New thesis about care transitions after stroke
Hi Sebastian Lindblom, PhD student at the Division of Physiotherapy! On January 8 you will defend your thesis “Understanding the links : the exploration of care transitions between hospital and continued rehabilitation in the home after stroke”. What’s the main focus of the thesis?
My thesis focuses on care transitions from hospital to continued rehabilitation in the home home from the perspective of people with stroke, significant others and healthcare professionals. I have also explored how participation manifests itself in a co-design process involving patients, significant others and healthcare professionals.
Which are the most important results?
We found that there was a large variation in healthcare utilization both in terms of rehabilitation and other healthcare after discharge from hospital, which, seemed to correspond to the level of functioning and severity of stroke. The perceived quality of the care transitions indicated that there is room for improvements in the discharge process, especially regarding preparation for discharge and support for self-management post-discharge.
Patients and significant others described the care transition as a sudden transformation from a passive attendant at the hospital with lack of involvement and dialogue about their care and rehabilitation to being discharged to the home without support and preparation and being solely responsible for managing their health. The lack of participation in their care led to concerns and lack of control over their situation. There was a great need for improved dialogue between patients and healthcare professionals regarding the current state of health, processes and procedures within the healthcare system and support in self-management after discharge.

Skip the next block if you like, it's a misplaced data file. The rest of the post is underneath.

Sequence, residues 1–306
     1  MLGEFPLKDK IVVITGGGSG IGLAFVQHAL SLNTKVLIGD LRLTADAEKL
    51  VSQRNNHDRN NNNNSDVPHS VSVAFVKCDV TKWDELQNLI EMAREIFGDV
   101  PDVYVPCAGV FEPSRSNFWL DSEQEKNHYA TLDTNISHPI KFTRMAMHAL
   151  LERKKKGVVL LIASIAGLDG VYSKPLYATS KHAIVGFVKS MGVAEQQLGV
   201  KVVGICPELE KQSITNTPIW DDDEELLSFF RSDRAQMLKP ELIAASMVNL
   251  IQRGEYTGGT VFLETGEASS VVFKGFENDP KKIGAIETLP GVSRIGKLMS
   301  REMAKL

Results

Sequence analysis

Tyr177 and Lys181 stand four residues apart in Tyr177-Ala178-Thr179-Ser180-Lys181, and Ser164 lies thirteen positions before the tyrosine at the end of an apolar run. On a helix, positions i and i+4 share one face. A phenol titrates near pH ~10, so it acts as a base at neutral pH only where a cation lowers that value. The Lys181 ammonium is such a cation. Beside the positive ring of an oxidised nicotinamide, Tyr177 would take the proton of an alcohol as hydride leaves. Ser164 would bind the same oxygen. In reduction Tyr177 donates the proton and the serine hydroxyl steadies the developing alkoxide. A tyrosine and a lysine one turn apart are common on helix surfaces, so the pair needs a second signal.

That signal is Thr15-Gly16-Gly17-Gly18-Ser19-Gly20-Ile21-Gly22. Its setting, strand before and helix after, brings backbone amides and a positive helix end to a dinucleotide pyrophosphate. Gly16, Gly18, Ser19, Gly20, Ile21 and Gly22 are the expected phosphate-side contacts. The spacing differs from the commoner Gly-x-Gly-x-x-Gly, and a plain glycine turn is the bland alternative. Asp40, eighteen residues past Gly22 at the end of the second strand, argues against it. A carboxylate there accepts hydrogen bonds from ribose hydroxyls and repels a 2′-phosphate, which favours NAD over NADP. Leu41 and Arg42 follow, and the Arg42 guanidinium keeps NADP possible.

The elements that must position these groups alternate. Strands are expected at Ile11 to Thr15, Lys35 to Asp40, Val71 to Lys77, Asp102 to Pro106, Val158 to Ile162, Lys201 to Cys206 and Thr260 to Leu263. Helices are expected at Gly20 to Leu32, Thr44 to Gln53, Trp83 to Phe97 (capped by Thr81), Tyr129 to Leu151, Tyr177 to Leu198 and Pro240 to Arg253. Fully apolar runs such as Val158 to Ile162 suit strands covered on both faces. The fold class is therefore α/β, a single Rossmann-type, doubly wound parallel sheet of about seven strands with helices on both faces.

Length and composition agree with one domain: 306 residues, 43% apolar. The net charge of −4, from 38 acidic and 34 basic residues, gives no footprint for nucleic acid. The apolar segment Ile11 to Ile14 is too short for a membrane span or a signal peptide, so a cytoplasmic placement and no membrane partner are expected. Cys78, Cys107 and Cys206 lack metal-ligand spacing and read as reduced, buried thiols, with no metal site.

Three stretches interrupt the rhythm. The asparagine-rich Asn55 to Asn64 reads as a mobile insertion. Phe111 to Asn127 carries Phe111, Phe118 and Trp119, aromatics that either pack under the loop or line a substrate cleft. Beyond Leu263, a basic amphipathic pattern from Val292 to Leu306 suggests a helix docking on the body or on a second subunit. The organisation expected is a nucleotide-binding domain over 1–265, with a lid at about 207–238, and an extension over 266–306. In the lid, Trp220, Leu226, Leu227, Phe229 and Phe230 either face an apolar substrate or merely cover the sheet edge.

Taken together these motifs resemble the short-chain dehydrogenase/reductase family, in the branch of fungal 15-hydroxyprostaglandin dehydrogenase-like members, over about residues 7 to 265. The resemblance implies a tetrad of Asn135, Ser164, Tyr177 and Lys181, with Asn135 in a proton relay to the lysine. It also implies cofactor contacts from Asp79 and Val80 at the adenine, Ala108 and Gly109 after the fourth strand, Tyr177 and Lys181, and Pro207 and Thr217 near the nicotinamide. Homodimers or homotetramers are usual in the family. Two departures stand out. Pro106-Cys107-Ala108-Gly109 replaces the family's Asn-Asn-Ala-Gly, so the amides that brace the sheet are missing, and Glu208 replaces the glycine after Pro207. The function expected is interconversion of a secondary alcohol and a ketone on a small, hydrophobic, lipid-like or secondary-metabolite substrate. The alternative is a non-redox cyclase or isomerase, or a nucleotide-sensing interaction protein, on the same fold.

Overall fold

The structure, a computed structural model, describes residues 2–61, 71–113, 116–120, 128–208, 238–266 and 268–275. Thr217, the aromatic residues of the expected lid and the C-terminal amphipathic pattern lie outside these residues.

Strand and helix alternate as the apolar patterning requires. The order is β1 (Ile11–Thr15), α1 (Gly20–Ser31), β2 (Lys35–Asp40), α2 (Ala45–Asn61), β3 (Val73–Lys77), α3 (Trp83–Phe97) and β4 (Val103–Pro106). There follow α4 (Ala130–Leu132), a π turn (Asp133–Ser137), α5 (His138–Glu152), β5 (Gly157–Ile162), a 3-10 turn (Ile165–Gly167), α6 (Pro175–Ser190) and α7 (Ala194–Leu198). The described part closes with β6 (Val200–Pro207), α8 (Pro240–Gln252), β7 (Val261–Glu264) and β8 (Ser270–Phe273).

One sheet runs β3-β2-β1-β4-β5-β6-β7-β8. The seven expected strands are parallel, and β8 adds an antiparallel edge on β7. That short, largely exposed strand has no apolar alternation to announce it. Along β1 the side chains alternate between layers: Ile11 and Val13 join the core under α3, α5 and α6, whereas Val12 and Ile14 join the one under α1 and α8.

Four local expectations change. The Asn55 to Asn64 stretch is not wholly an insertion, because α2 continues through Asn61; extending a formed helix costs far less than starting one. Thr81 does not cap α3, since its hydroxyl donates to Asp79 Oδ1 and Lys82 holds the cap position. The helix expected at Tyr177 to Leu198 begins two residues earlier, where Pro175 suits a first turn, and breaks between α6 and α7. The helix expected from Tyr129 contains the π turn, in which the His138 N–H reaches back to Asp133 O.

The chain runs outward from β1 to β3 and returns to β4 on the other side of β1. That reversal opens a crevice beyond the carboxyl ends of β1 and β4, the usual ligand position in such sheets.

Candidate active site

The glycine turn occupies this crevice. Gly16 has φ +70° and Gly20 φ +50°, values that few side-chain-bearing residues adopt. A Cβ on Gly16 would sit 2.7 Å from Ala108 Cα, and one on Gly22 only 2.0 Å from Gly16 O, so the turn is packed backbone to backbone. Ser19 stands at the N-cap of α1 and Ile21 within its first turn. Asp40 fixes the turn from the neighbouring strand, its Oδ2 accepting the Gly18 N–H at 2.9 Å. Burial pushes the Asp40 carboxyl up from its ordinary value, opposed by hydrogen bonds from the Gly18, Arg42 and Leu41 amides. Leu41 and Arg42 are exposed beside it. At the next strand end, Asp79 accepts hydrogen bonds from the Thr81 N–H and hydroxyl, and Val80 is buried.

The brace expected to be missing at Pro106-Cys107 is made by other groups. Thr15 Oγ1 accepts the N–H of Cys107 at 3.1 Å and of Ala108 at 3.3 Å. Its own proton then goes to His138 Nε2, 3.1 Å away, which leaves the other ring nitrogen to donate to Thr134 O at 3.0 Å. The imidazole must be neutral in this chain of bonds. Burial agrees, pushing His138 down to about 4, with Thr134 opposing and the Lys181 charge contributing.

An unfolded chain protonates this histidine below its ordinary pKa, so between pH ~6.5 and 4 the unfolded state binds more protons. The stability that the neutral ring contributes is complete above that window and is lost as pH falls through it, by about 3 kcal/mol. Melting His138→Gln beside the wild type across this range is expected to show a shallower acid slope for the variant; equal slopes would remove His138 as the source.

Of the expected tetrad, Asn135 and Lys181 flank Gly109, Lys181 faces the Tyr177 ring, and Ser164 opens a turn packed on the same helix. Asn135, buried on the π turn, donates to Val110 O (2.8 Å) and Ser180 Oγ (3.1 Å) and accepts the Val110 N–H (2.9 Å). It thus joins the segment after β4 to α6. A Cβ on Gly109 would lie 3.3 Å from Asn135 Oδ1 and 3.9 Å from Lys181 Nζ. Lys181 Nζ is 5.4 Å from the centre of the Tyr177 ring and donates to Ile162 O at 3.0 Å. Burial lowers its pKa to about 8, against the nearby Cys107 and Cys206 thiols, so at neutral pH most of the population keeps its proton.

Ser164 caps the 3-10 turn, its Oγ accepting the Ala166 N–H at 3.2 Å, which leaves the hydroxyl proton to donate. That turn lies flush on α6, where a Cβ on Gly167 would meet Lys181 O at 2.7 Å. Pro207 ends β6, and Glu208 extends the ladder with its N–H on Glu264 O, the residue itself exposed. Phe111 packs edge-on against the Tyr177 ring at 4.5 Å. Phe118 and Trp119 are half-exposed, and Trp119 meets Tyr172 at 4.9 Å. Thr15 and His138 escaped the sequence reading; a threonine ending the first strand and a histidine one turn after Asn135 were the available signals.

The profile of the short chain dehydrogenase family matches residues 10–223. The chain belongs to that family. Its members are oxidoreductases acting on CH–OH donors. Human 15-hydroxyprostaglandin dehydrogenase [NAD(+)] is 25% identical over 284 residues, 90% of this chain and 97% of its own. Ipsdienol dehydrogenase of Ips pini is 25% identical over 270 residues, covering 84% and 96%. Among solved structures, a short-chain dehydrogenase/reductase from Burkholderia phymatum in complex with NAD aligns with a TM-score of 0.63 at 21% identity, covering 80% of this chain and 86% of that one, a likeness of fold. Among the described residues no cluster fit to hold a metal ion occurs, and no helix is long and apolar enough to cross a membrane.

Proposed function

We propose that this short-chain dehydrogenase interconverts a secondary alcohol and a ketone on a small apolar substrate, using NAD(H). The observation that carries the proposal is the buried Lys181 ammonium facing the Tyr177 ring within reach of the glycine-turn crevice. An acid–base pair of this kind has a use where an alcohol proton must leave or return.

The care transition involved several parallel processes that needed to be synthesized and coordinated for professionals to make holistic decisions based on the individual's needs. All involved actors, both within organizations and between organizations, need to coordinate their actions to provide well-functioning care transitions. A prerequisite for succeeding in creating a well-functioning care transition was the need for dialogue within and between providers to gain a shared understanding of the care trajectory, and how the own part of the process relates to and affects other parts.
Further, we found that participation in a co-design process cannot be taken for granted; instead, conditions must be continuously adapted and reflected on in order for participants to be able to contribute with their unique knowledge and experience.
How can this new knowledge contribute to the improvement of people’s health?
The thesis increases the understanding of how care transitions from hospital to continued rehabilitation in the home can be conducted and adapted based on the actual needs of the individual. This can hopefully lead to more coordinated transitions and support to achieve the best possible health and wellbeing after a stroke. Furthermore, the results have laid the foundation for the development of an intervention that will be tested and evaluated in a clinical context.
What's in the future for you? Will you keep on conducting research?
In the near future, I will continue to work on the development, testing and evaluation of the new intervention. In a longer perspective, I hope to be able to continue with research within the field of in integrated and person-centred care.